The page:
Sunday, September 30, 2012

Romney's Selling, Mainstream America Just Isn't Buying

Thurston Howell, III as played by actor Jim Backus
Let's just call it like it is; there's a growing sense pervading the collective 'culturegeist' of the American voter that we simply can't afford four years of a Romney presidency.

Even after his disastrous and possibly irreparable remarks about the "47%" (a group including retired veterans, retired workers living on pensions they earned, people working two jobs and members of the oft-forgotten long-term unemployed who can't find jobs because US companies are content to sit on huge cash reserves rather than expand hiring), Flipper found a way to seem even more like an affable-but-doddering scion of privilege totally alienated from mainstream Americans.

As detailed on numerous blogs and Websites including, Marriott chairman Bill Marriott
(#298 on the Forbes 400 with a net worth of $1.6 billion) introduced the candidate at a recent fundraiser by relating a story of how he pulled his boat up to a crowded slip at a dock on Lake Winnipesaukee in New Hampshire and couldn't find anyone to help him. Mittens bravely stepped forward to tie up the line and secure the expensive craft of the head of one of the largest hotel chains in the world; and it's fair to observe, a fellow wealthy leader of the Mormon Church.

Nothing personal against Bill Marriott mind you, he's a decent enough man who's been generous with charitable support for organizations like the Boy Scouts of America for years. But during this time when millions of Americans are struggling to find jobs, stay out of debt, hold on to their homes and survive the ravages of an economic downturn that's decimated the middle class, offering up the public endorsement of yet another billionaire as a character endorsement does little to reassure voters who have no confidence Romney is remotely capable of identifying with the struggles of the bulk of the US population.

Increasingly, Mittens is perceived in the media more as a caricature to be lampooned; a walking symbol embodying the ultra-wealthy 1% who inhabits a different America than the rest of us. A man who comes off more Thurtson Howell, III from Gilligan's Island than seasoned business executive ready to lead the nation into long-term recovery based on some kind of suave corporate savvy and a decidedly non-specific agenda based on sketchy old Supply-Side economic theories that have never actually worked.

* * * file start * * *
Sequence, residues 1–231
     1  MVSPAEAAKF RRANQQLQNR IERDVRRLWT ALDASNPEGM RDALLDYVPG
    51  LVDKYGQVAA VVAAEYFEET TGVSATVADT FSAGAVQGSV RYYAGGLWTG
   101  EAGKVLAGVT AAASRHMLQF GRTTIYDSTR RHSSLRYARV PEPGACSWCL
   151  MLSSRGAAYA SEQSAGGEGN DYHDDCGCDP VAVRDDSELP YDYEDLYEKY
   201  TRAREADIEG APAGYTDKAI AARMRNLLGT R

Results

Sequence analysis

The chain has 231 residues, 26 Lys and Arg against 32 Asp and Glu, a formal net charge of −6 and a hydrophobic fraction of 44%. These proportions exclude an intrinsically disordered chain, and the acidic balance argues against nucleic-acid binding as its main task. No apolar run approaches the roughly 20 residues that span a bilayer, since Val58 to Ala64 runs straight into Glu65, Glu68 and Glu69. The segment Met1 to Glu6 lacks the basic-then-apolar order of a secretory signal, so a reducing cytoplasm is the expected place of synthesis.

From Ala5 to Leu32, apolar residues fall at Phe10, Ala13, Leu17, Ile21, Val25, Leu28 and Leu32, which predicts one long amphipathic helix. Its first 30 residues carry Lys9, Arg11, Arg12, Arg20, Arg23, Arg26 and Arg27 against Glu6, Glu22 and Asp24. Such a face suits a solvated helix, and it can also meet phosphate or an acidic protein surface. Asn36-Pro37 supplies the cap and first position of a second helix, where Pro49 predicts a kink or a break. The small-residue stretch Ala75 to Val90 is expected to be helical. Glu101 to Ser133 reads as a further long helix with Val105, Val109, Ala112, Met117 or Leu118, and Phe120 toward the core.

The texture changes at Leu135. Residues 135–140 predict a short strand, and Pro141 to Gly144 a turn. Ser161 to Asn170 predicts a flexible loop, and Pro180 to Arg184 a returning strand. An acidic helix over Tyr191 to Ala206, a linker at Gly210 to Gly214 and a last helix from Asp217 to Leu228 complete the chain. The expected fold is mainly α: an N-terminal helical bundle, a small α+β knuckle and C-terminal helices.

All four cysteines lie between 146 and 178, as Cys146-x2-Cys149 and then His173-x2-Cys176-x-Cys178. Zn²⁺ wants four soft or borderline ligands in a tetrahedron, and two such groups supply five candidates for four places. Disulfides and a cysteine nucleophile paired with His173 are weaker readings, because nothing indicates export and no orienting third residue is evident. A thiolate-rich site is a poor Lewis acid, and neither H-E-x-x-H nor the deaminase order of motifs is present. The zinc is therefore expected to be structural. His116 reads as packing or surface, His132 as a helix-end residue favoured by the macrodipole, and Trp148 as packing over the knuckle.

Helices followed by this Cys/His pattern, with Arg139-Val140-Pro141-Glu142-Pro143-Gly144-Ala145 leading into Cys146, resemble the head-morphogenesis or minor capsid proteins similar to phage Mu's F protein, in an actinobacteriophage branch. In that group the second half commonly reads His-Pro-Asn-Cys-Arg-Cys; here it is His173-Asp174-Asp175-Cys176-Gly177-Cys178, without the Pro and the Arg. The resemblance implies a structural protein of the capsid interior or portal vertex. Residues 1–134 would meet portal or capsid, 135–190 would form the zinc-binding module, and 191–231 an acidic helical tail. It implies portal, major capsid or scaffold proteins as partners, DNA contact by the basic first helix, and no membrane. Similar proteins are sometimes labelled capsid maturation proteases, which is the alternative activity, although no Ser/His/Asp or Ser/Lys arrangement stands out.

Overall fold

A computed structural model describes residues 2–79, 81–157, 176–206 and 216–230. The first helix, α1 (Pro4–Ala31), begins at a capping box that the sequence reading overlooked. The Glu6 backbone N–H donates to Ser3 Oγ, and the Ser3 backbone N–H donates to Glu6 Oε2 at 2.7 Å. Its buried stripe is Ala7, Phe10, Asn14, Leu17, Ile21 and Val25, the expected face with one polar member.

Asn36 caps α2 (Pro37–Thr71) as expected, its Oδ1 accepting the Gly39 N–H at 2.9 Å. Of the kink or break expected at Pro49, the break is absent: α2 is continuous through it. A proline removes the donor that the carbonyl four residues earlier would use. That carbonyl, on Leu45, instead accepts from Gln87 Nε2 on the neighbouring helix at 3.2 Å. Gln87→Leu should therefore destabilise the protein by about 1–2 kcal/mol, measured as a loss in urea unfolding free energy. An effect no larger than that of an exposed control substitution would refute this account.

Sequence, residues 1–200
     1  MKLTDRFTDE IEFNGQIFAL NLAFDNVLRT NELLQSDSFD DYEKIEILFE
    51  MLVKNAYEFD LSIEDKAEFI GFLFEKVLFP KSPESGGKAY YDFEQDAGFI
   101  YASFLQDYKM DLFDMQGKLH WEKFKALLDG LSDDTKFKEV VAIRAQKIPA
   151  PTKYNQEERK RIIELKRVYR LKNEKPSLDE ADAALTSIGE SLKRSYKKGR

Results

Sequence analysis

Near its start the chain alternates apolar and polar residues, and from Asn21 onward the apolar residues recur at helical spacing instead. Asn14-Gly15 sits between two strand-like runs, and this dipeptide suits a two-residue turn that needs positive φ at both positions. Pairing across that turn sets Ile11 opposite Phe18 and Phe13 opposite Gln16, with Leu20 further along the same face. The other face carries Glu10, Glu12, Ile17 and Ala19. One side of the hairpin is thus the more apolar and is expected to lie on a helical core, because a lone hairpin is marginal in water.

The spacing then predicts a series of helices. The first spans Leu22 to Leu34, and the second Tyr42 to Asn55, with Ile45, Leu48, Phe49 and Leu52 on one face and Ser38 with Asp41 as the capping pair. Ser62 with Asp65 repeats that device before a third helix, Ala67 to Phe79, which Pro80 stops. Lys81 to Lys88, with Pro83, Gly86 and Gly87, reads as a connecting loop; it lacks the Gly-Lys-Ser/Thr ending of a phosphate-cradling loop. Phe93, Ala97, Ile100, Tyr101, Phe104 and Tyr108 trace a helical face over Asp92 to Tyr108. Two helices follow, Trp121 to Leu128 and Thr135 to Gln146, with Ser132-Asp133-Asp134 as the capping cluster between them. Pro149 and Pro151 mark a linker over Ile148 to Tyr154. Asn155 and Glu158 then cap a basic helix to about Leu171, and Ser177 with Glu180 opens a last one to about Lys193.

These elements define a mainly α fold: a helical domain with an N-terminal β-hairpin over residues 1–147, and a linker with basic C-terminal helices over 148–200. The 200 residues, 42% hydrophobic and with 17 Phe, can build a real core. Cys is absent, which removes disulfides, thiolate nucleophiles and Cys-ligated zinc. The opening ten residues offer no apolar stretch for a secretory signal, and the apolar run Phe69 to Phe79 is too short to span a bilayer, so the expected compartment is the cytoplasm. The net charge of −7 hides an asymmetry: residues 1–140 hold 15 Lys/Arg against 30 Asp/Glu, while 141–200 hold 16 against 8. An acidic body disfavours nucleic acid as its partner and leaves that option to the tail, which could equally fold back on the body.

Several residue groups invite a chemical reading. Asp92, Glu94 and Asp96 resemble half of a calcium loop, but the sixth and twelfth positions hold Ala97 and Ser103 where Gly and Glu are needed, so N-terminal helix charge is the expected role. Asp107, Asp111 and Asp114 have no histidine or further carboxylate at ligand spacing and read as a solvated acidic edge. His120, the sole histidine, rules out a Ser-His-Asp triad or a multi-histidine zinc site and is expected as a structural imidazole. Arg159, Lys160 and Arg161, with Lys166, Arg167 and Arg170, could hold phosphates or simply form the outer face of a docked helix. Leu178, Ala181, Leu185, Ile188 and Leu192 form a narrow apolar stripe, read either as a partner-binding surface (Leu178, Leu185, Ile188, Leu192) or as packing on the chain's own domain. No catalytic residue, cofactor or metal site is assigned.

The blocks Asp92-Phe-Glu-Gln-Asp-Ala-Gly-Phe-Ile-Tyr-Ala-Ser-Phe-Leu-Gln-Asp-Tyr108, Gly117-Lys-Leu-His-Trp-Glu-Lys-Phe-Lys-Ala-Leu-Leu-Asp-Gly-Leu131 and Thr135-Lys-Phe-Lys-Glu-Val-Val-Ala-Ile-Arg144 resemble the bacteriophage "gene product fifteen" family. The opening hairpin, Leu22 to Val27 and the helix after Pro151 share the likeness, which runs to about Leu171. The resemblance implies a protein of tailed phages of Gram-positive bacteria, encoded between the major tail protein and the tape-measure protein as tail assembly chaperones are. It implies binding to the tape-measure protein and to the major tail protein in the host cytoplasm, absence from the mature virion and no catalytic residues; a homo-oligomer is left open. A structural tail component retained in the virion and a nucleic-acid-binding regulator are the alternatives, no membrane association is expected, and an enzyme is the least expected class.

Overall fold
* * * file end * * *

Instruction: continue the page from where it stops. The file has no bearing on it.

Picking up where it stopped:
The media blame game isn't helping Mitt either. As much as some of the more extreme conservative media pundits would like to make the growing gap between Obama and Romney about abstract concepts like "liberal media bias" (or one of my favorite Sarah Palinisms, "the lame-stream media") the plain truth is the problem is simply Mitt Romney and his ultra-conservative budget-hawk VP candidate sidekick Congressman Paul Ryan. 

As Brian Knowlton observed on today's Caucus blog on the New York Times Website,  just this morning Ryan appeared on Fox News Sunday to complain about how 'Media Bias' is skewing the sagging poll numbers.

Of course his dip at the polls has nothing to do with, oh I don't know, Ryan having been the leader of one of the most unproductive and obstructive Congresses in modern history? Or his having quite recently been booed onstage at a recent AARP convention audience after telling them he wants to repeal the Healthcare Reform Act? And surely his dismal poll numbers are unrelated to his desire for draconian unrealistic cuts in government spending that would overwhelmingly affect the poor and middle-class?

The media, liberal or conservative, has nothing to do with Americans having already pegged Ryan as a heartless technocrat who's a one-trick political pony. Choosing him as a running mate was one of Romney's worst decisions of his campaign. It's not that Mittens isn't a nice guy or a decent family-man, but it's obvious he just isn't the kind of candidate for president at a time when America needs innovative ideas, the ability to connect with all Americans regardless of their income level and the courage to tell the American people things they might not want to hear.

Maybe it's just possible that Romney and his embattled campaign manager Stuart Stevens (check out Maureen Dowd's op-ed on Stevens and his role in the mismanagement of Romney's run) can change the tide at this Wednesday nights presidential debate but I wouldn't bet on it.

Okay enough politics and links for now, the Yankees just tied Toronto in the 5th, I've gotta head to the gym to be back in time for my weekly fix of HBO's 'Boardwalk Empire'; it's what television can be when it dares to combine excellent writing with a willingness to explore topics of substance. Sunday nights are all about Nucky.

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